A comparison (see Metaphor) made with “as,” “like,” or “than.” In “A Red, Red Rose,” Robert Burns declares:
O my Luve is like a red, red rose
That’s newly sprung in June;
O my Luve is like the melody
That’s sweetly played in tune.
“What happens to a dream deferred?” asks Langston Hughes in “Harlem”:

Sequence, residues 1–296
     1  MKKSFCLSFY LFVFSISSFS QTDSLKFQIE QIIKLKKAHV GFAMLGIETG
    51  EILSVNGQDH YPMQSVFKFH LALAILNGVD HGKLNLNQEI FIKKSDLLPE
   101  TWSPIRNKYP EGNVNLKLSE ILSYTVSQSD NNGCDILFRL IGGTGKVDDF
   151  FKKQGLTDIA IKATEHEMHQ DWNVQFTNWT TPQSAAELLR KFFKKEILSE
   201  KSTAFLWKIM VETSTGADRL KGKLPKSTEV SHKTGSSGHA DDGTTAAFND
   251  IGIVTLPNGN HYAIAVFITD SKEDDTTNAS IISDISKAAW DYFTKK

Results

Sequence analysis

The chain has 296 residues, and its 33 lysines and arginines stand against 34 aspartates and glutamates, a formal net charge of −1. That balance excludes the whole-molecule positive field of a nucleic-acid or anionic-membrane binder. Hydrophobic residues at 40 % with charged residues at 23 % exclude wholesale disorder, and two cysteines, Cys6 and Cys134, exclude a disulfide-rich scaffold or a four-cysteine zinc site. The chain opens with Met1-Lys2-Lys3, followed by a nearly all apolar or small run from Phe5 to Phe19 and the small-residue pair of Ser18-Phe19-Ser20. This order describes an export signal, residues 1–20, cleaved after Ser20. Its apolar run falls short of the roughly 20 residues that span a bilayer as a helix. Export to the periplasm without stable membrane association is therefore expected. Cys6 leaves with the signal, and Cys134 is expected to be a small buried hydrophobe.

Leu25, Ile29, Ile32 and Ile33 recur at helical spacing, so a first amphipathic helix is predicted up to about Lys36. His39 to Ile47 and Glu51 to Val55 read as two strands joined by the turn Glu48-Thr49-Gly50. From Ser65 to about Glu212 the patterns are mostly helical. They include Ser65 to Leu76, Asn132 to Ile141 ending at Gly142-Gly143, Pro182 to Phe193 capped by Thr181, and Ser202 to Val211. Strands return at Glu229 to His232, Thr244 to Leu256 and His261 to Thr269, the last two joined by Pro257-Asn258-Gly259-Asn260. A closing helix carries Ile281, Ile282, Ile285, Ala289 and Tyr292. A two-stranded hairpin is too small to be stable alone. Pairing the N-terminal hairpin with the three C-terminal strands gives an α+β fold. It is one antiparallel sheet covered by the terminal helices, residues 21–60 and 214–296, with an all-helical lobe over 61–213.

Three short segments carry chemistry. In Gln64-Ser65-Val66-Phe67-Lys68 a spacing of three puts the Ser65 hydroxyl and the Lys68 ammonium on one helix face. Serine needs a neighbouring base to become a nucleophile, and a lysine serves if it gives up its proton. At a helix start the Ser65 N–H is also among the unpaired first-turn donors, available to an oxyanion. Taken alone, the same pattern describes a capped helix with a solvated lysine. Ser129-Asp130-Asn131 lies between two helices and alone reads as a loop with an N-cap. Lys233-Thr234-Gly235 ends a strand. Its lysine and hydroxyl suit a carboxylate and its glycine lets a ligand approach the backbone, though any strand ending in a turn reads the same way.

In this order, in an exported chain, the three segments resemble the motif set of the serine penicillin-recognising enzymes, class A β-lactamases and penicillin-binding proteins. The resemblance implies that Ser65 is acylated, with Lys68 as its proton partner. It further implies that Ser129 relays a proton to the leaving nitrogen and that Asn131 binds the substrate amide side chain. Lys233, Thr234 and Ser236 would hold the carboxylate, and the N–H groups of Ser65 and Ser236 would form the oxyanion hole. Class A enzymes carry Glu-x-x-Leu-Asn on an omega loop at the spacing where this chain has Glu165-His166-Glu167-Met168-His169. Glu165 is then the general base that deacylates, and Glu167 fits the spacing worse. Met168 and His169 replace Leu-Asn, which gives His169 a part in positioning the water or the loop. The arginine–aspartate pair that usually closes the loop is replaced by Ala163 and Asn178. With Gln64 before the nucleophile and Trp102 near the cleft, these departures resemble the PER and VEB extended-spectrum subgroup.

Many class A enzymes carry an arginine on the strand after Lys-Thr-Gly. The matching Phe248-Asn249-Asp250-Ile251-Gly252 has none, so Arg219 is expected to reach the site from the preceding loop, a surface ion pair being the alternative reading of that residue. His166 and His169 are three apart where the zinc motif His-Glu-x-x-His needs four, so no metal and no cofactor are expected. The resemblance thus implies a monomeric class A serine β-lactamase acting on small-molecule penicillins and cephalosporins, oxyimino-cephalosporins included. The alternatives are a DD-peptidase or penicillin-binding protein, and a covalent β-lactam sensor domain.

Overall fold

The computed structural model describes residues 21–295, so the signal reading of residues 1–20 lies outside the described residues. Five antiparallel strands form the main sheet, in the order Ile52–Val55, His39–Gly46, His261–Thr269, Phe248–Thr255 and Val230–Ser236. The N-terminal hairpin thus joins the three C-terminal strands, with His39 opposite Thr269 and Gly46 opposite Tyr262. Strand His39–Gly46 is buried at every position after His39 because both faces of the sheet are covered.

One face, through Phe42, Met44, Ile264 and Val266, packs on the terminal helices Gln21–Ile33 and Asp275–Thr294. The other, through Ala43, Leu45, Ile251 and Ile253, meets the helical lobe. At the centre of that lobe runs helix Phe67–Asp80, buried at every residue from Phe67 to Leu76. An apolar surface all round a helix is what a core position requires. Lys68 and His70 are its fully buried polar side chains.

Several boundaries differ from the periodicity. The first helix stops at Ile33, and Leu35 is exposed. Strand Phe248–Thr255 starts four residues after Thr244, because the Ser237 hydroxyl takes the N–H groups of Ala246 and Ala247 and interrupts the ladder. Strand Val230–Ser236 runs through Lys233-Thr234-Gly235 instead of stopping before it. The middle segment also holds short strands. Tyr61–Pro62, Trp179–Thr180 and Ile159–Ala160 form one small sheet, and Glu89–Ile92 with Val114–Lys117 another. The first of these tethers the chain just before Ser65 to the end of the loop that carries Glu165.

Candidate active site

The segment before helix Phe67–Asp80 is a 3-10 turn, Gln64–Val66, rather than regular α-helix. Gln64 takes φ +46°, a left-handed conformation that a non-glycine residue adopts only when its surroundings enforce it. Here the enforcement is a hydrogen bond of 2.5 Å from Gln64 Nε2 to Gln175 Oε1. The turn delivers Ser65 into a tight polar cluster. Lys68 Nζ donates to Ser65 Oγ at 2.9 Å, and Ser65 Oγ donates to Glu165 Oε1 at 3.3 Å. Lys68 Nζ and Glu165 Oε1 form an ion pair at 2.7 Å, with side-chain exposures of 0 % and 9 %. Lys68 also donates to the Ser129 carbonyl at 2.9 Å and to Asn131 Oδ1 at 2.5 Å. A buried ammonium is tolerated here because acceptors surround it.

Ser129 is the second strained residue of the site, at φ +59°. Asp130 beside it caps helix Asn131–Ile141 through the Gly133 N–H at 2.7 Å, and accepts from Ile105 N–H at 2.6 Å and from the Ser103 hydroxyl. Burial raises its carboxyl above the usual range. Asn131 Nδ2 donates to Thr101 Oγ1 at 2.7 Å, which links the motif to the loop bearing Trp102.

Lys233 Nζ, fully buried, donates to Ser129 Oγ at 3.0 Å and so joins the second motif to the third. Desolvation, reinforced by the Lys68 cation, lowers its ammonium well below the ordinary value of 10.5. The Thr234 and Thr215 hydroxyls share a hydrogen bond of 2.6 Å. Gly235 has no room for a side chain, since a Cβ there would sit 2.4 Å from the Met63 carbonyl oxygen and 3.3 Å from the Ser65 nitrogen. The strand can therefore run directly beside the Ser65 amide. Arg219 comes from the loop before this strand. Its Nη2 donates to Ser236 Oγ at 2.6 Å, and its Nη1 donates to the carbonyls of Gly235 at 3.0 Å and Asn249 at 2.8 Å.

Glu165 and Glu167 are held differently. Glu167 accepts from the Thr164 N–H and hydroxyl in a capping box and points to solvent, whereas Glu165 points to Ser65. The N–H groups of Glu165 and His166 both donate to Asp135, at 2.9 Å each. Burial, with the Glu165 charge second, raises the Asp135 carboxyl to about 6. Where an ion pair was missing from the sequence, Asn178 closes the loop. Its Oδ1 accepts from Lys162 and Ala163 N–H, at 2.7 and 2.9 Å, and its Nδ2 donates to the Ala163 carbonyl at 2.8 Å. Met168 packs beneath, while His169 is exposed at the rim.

Does it dry up
like a raisin in the sun?
Or fester like a sore—
And then run?
Does it stink like rotten meat?
Or crust and sugar over—
like a syrupy sweet?
Browse poems with developed similes.
Browse through the full archive of Poetry magazine back to 1912.